NEW YORK -- Alex Ovechkin finally got his All-Star invitation.
Less than a week after Washington Capitals coach Bruce Boudreau called Ovechkin's omission from the Eastern Conference's starting lineup "dumb," the reigning NHL MVP was among 15 players picked Thursday to fill out the roster for the All-Star Game on Jan. 25 in Montreal.
"I know it's going to be a sick atmosphere," Ovechkin, a three-time All-Star, said after practice in Arlington, Va.
Boudreau probably won't be too happy that his Southeast Division-leading club, second in the East with 67 points (27-11-3), will be represented by only Ovechkin.
The starting lineup, determined by fan balloting online and via text messaging, placed four members of the host Montreal Canadiens and two from the Pittsburgh Penguins onto the team. Every team also must be represented in the game, leaving little room for multiple picks from clubs.
"As a personal opinion, I don't agree with the process," Boudreau said. "People would much rather see the best players in the world, rather than one representative of every team."
The rebuilt Boston Bruins (29-7-4) -- the owners of the second best record in the NHL behind San Jose -- had three players chosen by the NHL's hockey operations department, after consultation with general managers.
The Bruins, off to their best start since the 1929-30 season, were rewarded with the selections of goalie Tim Thomas, defenseman Zdeno Chara and center Marc Savard. In last year's 8-7 victory by the East in Atlanta, Savard scored the winning goal in the final minute, Thomas stopped 14 of 18 shots in the third period, and Chara had an assist and a plus-3 rating.
Joining Savard on the forward lines are first-time All-Stars Thomas Vanek of the Buffalo Sabres and Philadelphia's Jeff Carter. Ovechkin, Vanek and Carter entered play Thursday in a three-way tie with an NHL-leading 27 goals.
"I still want to get better, but at the same time, it's rewarding to go there and represent my teammates," said Vanek, the first All-Star from Austria. "There's a few other guys that deserved to go, but a couple of more goals is probably the reason I got picked."
Other first-timers picked Thursday include goalie Henrik Lundqvist of the New York Rangers, a three-time Vezina Trophy finalist, defenseman Mark Streit of the New York Islanders and forward Zach Parise of the New Jersey Devils.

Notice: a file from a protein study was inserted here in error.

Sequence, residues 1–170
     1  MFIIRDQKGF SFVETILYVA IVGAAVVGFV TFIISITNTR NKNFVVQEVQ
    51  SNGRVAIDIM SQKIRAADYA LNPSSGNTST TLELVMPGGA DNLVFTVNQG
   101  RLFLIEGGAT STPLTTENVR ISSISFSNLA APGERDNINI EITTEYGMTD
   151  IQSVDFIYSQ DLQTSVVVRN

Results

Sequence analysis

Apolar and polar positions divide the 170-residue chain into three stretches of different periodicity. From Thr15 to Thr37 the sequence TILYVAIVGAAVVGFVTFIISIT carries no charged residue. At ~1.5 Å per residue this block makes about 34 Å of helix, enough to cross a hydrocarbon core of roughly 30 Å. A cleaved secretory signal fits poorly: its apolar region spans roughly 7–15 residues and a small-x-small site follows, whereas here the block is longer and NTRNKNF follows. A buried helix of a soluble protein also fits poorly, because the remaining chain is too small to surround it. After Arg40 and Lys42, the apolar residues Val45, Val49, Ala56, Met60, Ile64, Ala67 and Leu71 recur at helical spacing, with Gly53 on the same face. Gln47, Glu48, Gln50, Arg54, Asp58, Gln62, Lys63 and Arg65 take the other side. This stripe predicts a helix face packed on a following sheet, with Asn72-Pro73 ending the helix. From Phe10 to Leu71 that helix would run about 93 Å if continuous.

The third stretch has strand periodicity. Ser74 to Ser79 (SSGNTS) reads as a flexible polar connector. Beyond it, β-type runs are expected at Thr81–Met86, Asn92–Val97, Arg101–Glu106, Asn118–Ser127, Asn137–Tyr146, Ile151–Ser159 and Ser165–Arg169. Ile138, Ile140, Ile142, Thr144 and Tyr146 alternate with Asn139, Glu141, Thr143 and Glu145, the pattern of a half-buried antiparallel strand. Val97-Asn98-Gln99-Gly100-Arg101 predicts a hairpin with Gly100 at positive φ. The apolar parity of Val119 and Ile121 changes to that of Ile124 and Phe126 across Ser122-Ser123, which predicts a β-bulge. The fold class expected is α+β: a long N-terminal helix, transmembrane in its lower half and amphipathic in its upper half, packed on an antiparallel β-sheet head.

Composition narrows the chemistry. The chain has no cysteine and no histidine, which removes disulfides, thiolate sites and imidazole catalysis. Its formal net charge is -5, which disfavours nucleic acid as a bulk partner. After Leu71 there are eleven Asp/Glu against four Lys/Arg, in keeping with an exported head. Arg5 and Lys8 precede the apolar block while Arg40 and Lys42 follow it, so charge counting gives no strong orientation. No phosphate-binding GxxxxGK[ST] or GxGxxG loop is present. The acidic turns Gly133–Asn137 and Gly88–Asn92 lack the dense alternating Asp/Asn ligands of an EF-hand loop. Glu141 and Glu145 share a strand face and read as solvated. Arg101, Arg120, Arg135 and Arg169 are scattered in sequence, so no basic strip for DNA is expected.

"I didn't feel that well this morning after a tough game, but things like this always cheer you up," said Lundqvist (20-12-3), who allowed five goals in a 6-3 loss to Montreal on Wednesday. "Even though I didn't feel like an All-Star last night, I've had some pretty good games this season. I need to be a little more consistent."
Streit is in his first season with the Islanders after spending his first three seasons in the NHL with Montreal.
"This is an unbelievable honor," said Streit, who was given an All-Star jersey Thursday at the Islanders' morning skate in Calgary, Alberta. "It's going to be a great experience to go back to Montreal and it will be a lot of fun."
Tampa Bay Lightning center Vincent Lecavalier, chosen as an All-Star for the fourth time, was born and raised in nearby Ile-Bizard, Quebec, and wears No. 4 in honor of Canadiens Hall of Famer Jean Beliveau -- a player he portrayed in the 2005 movie, "The Rocket."
Ottawa Senators left winger Dany Heatley and Carolina Hurricanes center Eric Staal, both previous All-Star MVP winners, will be making return trips. Staal took the honors last year with three points, including an assist on Savard's winning goal. Heatley tied an All-Star game record with four goals in the East's 6-5 loss in 2003.
Rounding out the forwards is Atlanta's Ilya Kovalchuk, a third-time All-Star.
The starting lineup, announced last weekend, consists of forwards Sidney Crosby and Evgeni Malkin of the Penguins, and goalie Carey Price, defensemen Andrei Markov and Mike Komisarek, and forward Alex Kovalev of the Canadiens.